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Weekly children’s literature series at Mount Holyoke kicks off with Mordicai Gerstein -

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Local blogger Larry Kelley dies in car crash, remembered by community -

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‘Stopping Genocide and Mass Atrocities by Stopping the War Profiteers’ talk at UMass -

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UMass hockey breakdown in final minutes of the second period on route to 5-2 loss to UMass Lowell -

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Notebook: Jack Gibbs stars as UMass men’s basketball team drops game to Davidson Saturday -

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UMass men’s basketball drops another close game, falls to Davidson Saturday afternoon -

February 18, 2017

Cerie Mosgrove a critical teammate

In sports, many people usually associate a team’s identity with a few key players.

These athletes use their successes to support a team in its best times and defend it in its worst. These men and women are everything that a franchise works to be, from their on-court performances to their off-court mannerisms in everyday life.

For the Massachusetts women’s basketball team, senior guard Cerie Mosgrove certainly comes to mind as a critical teammate.

In the Minutewomen’s (6-17, 2-4 Atlantic 10) game against conference opponent Duquesne (19-3, 6-1 A-10) on Wednesday night at the Mullins Center, a 84-79 loss in overtime, Mosgrove lead the way with 21 points and 13 rebounds, both career-highs. The performance marked the sixth double-double of the season for Mosgrove, and yet these were not her highlights of the night.

In the course of the match, Mosgrove went 5-for-9 from beyond the arc. The fact that makes the statistic all the more memorable is that they turned out to be the number needed to break the UMass women’s basketball record for the most 3-pointers in a single season.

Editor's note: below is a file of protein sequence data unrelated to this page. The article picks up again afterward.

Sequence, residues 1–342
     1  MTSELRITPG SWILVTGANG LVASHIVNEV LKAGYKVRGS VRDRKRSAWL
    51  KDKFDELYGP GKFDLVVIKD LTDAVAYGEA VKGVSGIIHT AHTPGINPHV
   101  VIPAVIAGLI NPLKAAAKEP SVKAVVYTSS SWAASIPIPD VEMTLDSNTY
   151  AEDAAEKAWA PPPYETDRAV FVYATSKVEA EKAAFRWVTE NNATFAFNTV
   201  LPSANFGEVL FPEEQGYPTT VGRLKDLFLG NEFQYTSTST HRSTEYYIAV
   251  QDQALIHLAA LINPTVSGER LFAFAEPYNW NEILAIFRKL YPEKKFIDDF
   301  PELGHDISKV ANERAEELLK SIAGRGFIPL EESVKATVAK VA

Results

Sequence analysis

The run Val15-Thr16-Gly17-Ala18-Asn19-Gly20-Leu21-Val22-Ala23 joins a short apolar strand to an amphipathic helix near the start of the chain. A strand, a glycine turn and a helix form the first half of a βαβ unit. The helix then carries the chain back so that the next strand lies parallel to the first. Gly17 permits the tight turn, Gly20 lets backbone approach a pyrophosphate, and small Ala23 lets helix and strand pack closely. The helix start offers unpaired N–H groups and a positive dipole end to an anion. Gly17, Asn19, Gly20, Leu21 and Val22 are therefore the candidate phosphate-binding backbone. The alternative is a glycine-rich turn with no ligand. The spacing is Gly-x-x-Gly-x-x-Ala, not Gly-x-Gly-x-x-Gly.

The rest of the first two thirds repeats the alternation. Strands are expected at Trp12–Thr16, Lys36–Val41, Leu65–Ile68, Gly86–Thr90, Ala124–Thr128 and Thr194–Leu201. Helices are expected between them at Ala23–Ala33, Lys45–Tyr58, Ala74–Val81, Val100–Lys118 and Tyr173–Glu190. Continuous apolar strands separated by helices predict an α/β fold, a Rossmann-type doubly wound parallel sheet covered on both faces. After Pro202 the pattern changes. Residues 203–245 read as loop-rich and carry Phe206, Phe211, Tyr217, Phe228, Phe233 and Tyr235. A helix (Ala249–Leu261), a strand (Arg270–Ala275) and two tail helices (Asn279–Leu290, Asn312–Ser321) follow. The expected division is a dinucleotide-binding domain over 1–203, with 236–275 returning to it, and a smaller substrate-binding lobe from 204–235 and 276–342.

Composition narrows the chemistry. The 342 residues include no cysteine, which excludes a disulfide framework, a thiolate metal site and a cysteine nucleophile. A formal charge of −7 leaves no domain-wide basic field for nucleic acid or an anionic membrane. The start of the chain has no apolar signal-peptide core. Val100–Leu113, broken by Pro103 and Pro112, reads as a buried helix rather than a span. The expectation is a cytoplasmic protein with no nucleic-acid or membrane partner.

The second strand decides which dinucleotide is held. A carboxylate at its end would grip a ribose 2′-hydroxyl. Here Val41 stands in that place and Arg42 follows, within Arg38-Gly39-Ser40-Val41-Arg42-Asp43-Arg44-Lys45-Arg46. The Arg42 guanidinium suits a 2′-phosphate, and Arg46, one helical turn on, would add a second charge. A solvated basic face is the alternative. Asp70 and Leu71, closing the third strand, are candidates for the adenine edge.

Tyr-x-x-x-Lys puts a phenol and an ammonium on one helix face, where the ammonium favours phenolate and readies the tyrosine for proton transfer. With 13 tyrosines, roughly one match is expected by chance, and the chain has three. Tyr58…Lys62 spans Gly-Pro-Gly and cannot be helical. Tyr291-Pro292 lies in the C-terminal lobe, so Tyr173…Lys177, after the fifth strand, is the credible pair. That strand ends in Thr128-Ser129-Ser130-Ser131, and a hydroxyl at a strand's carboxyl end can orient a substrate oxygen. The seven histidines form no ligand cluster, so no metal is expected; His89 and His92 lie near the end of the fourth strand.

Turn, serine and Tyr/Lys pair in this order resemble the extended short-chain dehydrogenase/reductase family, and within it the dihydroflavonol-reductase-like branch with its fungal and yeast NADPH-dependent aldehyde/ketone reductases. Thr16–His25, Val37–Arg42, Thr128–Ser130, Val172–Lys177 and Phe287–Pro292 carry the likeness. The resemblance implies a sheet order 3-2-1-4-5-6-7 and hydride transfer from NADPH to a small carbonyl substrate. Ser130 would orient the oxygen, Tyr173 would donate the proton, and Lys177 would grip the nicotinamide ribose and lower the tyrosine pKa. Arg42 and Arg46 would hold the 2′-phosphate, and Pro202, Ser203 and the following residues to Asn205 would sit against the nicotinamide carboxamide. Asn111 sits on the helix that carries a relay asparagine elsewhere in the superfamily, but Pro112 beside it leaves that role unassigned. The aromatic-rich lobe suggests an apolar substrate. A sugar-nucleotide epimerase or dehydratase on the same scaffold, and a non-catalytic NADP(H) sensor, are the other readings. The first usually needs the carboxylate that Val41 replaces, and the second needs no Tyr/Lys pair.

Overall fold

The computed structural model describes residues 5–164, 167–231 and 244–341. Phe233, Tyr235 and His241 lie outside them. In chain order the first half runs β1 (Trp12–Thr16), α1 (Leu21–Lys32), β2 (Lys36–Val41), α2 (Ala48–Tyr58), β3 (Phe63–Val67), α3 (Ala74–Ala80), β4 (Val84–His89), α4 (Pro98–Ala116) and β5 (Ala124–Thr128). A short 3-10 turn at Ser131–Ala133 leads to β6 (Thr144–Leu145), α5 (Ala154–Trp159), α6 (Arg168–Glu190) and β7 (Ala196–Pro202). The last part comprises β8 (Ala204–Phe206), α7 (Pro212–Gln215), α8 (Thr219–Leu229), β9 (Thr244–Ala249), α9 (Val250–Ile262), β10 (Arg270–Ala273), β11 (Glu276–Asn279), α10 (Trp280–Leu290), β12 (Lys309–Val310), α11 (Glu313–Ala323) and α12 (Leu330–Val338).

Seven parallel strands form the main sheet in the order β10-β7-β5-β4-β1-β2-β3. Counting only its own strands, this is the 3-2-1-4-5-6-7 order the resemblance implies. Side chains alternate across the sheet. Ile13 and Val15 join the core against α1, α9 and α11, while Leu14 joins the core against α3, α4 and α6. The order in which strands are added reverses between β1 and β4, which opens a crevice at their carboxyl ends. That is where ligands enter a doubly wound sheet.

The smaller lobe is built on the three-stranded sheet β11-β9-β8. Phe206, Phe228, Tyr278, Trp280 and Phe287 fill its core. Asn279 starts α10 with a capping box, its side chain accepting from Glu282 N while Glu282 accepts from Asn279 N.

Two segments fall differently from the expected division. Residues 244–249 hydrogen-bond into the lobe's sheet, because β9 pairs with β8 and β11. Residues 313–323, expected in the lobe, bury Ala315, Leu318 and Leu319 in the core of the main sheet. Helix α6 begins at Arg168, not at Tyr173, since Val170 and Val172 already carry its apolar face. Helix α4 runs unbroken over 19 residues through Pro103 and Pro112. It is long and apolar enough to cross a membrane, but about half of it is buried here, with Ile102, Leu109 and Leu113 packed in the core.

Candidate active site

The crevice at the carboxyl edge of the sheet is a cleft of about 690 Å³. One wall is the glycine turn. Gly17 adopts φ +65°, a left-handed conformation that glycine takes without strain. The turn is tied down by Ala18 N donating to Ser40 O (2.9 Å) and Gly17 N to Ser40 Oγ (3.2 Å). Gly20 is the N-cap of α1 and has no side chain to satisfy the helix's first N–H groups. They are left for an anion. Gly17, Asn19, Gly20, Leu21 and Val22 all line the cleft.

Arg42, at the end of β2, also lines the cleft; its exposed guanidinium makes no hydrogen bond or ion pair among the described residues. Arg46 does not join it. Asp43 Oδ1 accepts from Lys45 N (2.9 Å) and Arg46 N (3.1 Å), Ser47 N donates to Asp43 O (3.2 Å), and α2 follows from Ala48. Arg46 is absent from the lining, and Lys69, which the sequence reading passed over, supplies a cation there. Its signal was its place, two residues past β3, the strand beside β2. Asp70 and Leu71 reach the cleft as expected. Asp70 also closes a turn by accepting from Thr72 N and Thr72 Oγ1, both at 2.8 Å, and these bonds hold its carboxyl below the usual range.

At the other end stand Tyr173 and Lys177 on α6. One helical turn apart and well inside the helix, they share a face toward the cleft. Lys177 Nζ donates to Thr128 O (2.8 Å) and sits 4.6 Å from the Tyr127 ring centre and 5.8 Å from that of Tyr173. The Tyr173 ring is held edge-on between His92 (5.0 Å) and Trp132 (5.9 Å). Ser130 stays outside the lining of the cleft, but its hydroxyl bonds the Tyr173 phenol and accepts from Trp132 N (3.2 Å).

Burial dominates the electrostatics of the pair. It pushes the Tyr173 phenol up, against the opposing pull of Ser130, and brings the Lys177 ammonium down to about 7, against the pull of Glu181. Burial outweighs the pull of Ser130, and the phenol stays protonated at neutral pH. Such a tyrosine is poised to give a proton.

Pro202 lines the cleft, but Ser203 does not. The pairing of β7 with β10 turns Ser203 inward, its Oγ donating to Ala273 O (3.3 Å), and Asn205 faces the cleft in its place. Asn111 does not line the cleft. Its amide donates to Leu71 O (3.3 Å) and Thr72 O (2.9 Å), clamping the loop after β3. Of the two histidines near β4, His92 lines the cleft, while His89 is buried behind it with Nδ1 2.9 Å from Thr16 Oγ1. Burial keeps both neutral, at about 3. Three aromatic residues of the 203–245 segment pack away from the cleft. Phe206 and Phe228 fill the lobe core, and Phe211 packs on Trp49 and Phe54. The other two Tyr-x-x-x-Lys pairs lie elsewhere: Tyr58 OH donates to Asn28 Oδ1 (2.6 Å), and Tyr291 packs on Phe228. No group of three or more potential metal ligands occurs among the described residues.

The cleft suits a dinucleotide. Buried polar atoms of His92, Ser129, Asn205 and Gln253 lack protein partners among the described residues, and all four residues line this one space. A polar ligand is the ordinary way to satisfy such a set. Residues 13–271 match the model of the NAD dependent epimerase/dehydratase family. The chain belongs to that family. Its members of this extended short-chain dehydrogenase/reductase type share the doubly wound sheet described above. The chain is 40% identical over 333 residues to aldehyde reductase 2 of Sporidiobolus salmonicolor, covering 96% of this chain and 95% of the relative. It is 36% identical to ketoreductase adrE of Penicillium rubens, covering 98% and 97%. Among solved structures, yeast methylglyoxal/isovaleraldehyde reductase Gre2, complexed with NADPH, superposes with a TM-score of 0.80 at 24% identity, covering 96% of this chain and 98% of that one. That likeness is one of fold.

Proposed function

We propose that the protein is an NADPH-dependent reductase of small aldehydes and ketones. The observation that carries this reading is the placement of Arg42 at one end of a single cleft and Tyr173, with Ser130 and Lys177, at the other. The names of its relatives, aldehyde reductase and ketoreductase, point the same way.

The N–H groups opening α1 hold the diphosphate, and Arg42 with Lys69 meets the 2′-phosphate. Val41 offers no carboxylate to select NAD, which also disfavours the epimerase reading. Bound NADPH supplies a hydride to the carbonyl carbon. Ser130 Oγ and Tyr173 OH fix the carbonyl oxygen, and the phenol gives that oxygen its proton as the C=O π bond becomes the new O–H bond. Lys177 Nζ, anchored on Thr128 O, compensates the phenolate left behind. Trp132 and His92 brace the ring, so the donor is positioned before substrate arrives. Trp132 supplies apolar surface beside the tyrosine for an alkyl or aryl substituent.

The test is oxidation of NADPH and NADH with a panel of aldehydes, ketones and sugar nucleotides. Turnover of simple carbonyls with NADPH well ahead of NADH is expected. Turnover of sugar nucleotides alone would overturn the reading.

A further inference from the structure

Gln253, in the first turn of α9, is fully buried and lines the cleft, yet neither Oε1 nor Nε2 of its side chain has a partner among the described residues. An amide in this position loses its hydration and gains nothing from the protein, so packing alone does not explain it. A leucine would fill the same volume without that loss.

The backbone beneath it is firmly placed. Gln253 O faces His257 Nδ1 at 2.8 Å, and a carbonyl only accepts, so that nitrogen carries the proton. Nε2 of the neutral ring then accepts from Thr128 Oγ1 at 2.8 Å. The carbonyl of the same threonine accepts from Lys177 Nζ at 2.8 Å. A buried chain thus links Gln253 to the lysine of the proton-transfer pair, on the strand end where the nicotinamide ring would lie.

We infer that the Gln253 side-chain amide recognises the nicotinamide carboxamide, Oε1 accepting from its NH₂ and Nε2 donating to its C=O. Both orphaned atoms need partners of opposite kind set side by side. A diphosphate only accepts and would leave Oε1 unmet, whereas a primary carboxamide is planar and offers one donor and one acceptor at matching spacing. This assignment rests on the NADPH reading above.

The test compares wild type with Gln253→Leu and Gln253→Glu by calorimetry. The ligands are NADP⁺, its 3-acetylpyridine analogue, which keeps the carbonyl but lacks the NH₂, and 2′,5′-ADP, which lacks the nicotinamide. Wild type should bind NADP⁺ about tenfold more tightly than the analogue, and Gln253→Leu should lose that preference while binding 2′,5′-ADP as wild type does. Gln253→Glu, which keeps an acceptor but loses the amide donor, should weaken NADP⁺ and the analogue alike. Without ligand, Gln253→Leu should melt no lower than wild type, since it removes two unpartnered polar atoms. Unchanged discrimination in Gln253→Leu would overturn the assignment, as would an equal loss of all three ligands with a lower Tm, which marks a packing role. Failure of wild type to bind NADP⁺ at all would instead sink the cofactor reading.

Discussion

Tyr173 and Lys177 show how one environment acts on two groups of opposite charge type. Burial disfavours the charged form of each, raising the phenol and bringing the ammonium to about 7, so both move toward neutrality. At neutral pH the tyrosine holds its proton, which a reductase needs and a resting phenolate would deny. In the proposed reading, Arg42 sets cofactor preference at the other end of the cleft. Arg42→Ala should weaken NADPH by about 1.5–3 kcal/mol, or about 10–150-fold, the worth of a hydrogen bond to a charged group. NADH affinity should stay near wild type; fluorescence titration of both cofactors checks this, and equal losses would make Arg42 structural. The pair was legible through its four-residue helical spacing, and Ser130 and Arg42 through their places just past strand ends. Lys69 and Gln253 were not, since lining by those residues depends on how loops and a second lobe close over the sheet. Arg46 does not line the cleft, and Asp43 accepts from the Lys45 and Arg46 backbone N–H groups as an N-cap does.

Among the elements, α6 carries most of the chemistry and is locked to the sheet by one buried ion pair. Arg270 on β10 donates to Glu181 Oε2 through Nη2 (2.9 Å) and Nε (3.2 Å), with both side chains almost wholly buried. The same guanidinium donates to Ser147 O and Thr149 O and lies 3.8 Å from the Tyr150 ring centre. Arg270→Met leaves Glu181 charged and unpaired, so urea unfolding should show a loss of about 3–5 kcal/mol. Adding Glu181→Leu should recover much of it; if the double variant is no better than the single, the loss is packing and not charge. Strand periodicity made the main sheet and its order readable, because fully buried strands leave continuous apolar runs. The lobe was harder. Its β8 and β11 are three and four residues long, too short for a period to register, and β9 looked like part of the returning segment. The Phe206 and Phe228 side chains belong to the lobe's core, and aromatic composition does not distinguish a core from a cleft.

The previous record of 58, last tied by freshman Kristina Danella in 2009 before her transfer, is now replaced with Cerie’s 60 completions with six games left in the season.

Mosgrove’s current season average is 2.6 3-pointers a game, and if that stays consistent, the record total could look to sit at around 80, a truly impressive mark by anyone’s standards.

Her presence on the team, however, does not simply end with her performance from beyond the arc.

“Cerie is an extremely unselfish player and she puts the team first, always,” Assistant Head Coach Steve Lanpher said. “She doesn’t want acknowledgement for what she does, but for what her entire team does. [Wednesday] night she knew she had broken the record, but she was more upset with the result of her team losing the game, and I think that shows the kind of character she has.”

Mosgrove has certainly established herself as a marquee player throughout her career here at UMass.

From her early days on the team, she showed an uncanny scoring ability that gradually earned her more and more playing time as she grew. Though she did not start any games as a freshman, she gradually saw more and more playing time throughout the season. She would end up starting 11 games as a sophomore and 12 as a junior before earning the nod in all 23 of the games thus far this season.

In her career, she is in the top 10 in UMass history in 3-pointers made, attempted and completion percentage.

What stats do not show, though, is the kind of impact a player like Mosgrove has on the overall health and development of the team.

“Her ability to be an inside-outside player has been key this season,” Lanpher said. “We tend to work well with her strengths. She is an excellent player who leads by example and has become much more vocal this season. She is great at teaching the younger players how to prepare for games and she has been one of my favorite players that I have ever had the opportunity of coaching.”

With the kind of abilities and work ethic that Mosgrove brings to the team day in and day out, it’s really no surprise that she can be expected to lead the team to success in the remaining weeks of the schedule.

David Martin can be reached at dmmartin@student.umass.edu.

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